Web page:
Another murderous attack on our open records laws Skip to content

Another murderous attack on our open records laws

Once again, the Lege is looking at gutting our open records laws. What are they trying to hide?

The annual legislative assault on Kentucky’s open government laws has commenced in earnest, but this year it has begun with a vengeance. It is no exaggeration to suggest that the future of the Kentucky Open Records Act is at stake.

Sponsored by Rep. John Hodgson (R-Fisherville), Rep. Jason Nemes (R-Middletown), and Speaker David Osborne (R-Prospect), HB 509 establishes what The Bowling Green Daily Times once described as “a codified way to evade watchdogs, both in the press and the general public.”

Burying the lede

Behind an elaborate smokescreen of compliance with recent court opinions directing public agencies to assign public email addresses to “officers, employees, board members, and commission members ... for the purpose of conducting the business of the public agency,” is a proposed statutory scheme that chokes public access off at its throat.

HB 509 establishes an extraordinarily high bar for determining whether a record is a “public record” subject to the open records law to begin with. In addition to the existing requirement that the record “is prepared, owned, used, in the possession of, or retained by a public agency,” HB 509 would require the record to “document, record, memorialize, or give notice to a person outside the public agency of a transaction or final action.”

Thus, unless a record is not only “prepared, owned, used, in the possession of, or retained by a public agency” but also documents “a transaction or final action,” it is not a “public record” subject to the open records law. It is, for all intents and purposes, inaccessible to the public.

Think police internal affairs investigations, consultants' reports, petitions in support of executive pardons, public official itineraries.

Ironically, for those who might seek to hold our sitting Governor and executive branch accountable through their public records, the sponsors provide a statutorily approved cloaking device.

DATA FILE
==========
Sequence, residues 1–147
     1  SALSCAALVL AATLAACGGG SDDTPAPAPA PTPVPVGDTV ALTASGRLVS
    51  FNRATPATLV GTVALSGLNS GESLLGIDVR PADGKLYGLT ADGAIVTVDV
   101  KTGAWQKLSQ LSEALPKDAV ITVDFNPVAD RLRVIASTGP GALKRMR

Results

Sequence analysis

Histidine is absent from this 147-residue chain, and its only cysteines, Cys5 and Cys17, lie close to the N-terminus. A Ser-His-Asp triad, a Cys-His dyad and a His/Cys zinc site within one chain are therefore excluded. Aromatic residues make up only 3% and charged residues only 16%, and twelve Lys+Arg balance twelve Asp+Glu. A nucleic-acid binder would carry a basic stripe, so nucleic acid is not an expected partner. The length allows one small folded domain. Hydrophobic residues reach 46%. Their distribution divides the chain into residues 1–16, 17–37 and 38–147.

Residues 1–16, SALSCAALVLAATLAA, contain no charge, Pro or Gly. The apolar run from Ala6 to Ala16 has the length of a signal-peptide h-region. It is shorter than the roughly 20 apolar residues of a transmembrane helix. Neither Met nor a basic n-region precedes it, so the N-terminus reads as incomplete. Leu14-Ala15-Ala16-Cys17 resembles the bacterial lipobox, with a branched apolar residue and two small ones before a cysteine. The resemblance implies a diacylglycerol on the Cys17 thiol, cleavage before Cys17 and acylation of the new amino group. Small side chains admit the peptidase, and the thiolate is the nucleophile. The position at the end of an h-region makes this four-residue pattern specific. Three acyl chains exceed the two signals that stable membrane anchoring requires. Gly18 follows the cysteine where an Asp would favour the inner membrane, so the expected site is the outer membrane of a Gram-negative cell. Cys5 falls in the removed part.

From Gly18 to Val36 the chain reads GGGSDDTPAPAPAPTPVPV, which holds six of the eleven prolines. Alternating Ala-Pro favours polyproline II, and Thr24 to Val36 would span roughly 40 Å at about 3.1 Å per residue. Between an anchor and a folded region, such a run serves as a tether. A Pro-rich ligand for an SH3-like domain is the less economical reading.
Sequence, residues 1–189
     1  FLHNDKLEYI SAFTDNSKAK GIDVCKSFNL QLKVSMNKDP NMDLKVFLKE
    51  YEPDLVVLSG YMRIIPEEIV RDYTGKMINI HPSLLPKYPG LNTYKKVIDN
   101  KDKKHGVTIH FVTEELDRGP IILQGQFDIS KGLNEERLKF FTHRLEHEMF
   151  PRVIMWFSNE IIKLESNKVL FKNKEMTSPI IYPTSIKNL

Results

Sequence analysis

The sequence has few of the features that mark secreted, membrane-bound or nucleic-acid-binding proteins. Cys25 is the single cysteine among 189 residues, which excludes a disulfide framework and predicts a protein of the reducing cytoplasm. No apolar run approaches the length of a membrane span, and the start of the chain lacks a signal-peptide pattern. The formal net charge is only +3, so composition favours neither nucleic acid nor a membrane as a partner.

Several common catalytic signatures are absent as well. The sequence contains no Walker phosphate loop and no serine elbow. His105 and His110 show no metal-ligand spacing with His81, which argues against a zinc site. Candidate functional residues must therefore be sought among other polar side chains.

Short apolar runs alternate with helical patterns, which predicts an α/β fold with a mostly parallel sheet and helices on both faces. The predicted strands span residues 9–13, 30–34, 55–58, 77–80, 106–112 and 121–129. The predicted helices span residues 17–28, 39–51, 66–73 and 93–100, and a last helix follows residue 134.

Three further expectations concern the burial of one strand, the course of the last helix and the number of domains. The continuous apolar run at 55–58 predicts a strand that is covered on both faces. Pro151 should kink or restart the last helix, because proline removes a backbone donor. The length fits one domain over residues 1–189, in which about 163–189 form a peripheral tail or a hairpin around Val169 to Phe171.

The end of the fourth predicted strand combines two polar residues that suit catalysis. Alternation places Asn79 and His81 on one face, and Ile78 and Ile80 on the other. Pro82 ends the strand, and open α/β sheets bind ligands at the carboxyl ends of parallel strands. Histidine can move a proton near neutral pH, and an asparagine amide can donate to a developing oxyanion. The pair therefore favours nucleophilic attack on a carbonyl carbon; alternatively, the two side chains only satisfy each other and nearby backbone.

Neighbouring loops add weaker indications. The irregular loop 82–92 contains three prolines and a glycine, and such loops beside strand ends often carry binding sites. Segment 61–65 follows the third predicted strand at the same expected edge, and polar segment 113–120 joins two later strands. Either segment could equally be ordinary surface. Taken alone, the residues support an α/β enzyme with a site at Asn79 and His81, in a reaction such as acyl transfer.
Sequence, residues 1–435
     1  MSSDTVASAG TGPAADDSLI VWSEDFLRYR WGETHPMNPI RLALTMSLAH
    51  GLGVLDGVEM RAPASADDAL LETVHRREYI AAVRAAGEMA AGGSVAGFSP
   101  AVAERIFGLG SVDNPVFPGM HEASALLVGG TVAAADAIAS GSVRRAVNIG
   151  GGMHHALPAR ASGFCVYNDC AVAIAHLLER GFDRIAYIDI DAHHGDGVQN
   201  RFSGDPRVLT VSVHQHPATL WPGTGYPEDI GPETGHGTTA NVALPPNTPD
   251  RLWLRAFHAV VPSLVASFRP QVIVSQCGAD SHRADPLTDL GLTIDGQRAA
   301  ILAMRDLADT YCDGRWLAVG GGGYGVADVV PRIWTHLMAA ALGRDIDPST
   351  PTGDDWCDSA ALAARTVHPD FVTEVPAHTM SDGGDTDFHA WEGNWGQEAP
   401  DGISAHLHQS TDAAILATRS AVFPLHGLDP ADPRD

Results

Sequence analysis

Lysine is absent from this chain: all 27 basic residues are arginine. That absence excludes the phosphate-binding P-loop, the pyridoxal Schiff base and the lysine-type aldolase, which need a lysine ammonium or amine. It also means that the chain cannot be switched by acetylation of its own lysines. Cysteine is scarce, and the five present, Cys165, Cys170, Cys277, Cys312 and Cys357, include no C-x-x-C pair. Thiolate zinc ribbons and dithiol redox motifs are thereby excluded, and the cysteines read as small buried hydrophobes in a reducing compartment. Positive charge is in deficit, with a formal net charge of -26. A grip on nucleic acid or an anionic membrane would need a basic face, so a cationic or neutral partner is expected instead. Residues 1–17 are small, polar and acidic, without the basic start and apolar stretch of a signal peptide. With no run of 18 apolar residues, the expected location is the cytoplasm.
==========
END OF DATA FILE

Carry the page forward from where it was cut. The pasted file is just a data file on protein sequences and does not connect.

What is and what may be a “public record”

Because the starting point for analysis under the open records law is determining whether the requested record is a “public record,” and because the definition of that term is radically circumscribed under HB 509, little will remain to secure meaningful public oversight.

By way of example, the sponsors identify as "public records" the following:

  • Awarding, issuing, or amending a contract;
  • Spending agency funds;
  • Issuing a fine or penalty; or
  • Issuing a public declaration or announcement of an event,
    occurrence, determination, or decision of the public agency.

Records, in other words, that could typically be found on a public-facing agency website.

Importantly, Hodgson, Nemes, and Osborne take it one step further, expressly excluding from the already substantially narrowed definition of public record:

  • Preliminary drafts;
  • Notes;
  • Correspondence with private individuals, other than correspondence
    which is intended to give notice of a transaction or a final action;
  • Preliminary recommendations or discussions;
  • Scheduling matters;
  • Communications of a purely personal nature unrelated to any governmental function;
  • Memoranda, emails, or text messages in which opinions are expressed or policies formulated or recommended; and